It’s hard to deny the huge impact that hip-hop had in 2018.

From Childish Gambino’s pop-culture stir,  to Kanye West’s King Gizzard-esque output to hip-hop officially taking over as the most popular form of music, it seems that the genre is the unstoppable world musical force right now.

All this is why it’s surprising to hear that the world’s most popular genre has been plummeting when it comes to physical LP sales, dropping a staggering 20.8% in 2018 alone (figures courtesy of Billboard).

Kanye West had a banner year in 2018 in terms of creative output, but not so much in physical sales

The same went for 2017, where hip-hop LP sales bottomed out at 27.8%, despite a year dominating the charts with multiple #1’s.

It’s unequivocal proof of the enormous impact of music streaming, and it’s changing the way artists release records.

In 2018, hip-hop/ R&B accounted for an astounding 25.6% of album-equivalent audio consumption and 30% of all on-demand streams.

“Nobody does hard copies anymore-it’s all about streaming now,” says Quincy “QP” Acheampong, CEO of hip-hop titan A Boogie’s label imprint at Atlantic.

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“If Atlantic asked us if we wanted to make hard copies, that wouldn’t even have been an option. Digital is the way to go. We wouldn’t have wasted our time.”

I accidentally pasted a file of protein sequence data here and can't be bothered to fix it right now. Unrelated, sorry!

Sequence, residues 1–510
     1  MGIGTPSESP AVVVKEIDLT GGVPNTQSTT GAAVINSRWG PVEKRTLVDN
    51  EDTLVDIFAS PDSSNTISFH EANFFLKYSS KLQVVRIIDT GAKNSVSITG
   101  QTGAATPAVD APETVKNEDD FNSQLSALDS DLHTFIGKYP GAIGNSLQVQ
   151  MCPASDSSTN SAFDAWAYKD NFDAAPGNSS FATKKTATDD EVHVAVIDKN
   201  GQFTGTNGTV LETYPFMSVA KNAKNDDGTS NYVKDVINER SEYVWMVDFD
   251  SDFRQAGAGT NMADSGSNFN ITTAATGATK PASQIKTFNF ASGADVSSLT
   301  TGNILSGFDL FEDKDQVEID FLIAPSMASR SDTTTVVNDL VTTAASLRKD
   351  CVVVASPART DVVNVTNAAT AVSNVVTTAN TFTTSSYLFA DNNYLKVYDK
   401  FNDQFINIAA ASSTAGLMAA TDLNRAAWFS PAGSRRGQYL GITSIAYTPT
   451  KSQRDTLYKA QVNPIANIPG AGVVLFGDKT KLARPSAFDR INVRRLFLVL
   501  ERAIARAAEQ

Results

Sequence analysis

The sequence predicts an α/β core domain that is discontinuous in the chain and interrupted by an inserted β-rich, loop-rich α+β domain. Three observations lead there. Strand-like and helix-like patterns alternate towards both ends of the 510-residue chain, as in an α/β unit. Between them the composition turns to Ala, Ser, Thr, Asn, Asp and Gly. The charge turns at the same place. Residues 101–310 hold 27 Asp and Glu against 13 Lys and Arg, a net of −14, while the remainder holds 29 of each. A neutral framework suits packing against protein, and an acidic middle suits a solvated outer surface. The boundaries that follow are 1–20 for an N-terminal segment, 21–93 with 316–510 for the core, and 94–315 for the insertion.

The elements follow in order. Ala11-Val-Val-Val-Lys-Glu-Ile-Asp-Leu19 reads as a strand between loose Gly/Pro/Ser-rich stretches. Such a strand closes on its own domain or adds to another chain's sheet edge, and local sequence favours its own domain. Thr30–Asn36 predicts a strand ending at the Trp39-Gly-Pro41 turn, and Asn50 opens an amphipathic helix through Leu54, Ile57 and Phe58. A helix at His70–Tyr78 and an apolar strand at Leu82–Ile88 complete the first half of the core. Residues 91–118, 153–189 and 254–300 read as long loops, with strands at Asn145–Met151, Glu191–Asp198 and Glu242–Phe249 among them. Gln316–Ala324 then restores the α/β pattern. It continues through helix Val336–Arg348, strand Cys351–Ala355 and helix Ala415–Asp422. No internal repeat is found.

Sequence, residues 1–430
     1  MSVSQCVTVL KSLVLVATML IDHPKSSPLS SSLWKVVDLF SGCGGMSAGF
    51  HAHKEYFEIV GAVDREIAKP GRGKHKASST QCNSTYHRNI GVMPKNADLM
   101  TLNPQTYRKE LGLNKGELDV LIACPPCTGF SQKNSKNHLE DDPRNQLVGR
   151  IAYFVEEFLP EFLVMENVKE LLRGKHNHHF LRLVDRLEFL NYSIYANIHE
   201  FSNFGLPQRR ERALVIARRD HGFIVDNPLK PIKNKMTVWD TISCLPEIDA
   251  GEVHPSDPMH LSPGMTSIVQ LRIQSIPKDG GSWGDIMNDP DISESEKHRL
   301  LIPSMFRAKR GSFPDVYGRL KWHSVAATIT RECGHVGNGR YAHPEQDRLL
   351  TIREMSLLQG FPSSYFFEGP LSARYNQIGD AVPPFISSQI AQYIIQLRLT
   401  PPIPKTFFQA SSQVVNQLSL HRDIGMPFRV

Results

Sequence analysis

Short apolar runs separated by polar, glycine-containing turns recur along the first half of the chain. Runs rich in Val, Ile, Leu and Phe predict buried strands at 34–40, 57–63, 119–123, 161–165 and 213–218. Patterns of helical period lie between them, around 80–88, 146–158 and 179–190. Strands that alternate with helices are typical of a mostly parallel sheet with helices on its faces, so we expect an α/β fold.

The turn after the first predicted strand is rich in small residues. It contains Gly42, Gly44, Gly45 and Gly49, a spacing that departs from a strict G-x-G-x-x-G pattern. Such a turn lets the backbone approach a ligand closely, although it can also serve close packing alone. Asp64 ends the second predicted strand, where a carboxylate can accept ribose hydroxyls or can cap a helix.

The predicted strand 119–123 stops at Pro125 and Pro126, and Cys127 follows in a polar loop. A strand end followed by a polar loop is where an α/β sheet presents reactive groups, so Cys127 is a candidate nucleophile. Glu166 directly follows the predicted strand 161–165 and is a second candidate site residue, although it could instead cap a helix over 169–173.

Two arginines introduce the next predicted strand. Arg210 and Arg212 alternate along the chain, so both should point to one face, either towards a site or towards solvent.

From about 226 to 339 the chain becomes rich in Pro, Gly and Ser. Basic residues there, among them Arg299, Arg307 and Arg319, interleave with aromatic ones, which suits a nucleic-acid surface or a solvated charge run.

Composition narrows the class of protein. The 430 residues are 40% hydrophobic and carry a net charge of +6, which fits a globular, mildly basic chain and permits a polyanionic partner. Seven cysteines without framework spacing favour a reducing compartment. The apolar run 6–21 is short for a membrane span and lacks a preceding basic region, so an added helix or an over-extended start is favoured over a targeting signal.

Check out A Boogie, who has amassed a staggering 16 million views on this song alone

Boogie’s strategy seems to have paid off too, with streaming well and truly the main way people consume music.

Demand for streaming grew by 48% in 2018 in the US alone. Given that the rise of streaming came in tandem with a 17.7% drop in album sales, it seems that the demand for hip-hop is the inertia giving a new age of music consumption liftoff.

The numbers make sense, given the huge rise in streaming demand that has seen the face of the music industry continue to change and evolve.

In addition, for the first time ever, two hip-hop/ R&B nominees at the Grammy’s this year will be digitally exclusive records; Cardi B’s Invasion of Privacy, and H.E.R’s self-titled (record?).

Check out the smooth beats of H.E.R.

It might cause some to lament that there is no way for artists to make a sustainable living without LP sales, but with the landscape changing and technology enabling artists to create music in their bedroom’s, it’s wildly exciting to think where things could be for young musos in another ten years.

And after all, some of the highest paid hip-hop artists haven’t even made a single record.